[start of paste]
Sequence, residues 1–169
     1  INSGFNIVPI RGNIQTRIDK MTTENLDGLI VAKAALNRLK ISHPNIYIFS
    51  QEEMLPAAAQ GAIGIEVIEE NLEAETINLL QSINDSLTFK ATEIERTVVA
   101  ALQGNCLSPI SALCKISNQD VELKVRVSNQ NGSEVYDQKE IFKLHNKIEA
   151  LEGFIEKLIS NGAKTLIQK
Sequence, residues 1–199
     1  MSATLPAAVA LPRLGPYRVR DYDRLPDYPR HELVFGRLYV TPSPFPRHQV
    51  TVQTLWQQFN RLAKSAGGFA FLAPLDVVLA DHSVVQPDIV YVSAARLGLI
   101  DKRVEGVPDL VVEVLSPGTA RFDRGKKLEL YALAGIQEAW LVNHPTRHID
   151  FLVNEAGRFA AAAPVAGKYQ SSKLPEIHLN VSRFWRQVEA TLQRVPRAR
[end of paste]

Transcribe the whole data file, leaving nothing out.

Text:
Sequence, residues 1–169
     1  INSGFNIVPI RGNIQTRIDK MTTENLDGLI VAKAALNRLK ISHPNIYIFS
    51  QEEMLPAAAQ GAIGIEVIEE NLEAETINLL QSINDSLTFK ATEIERTVVA
   101  ALQGNCLSPI SALCKISNQD VELKVRVSNQ NGSEVYDQKE IFKLHNKIEA
   151  LEGFIEKLIS NGAKTLIQK
Sequence, residues 1–199
     1  MSATLPAAVA LPRLGPYRVR DYDRLPDYPR HELVFGRLYV TPSPFPRHQV
    51  TVQTLWQQFN RLAKSAGGFA FLAPLDVVLA DHSVVQPDIV YVSAARLGLI
   101  DKRVEGVPDL VVEVLSPGTA RFDRGKKLEL YALAGIQEAW LVNHPTRHID
   151  FLVNEAGRFA AAAPVAGKYQ SSKLPEIHLN VSRFWRQVEA TLQRVPRAR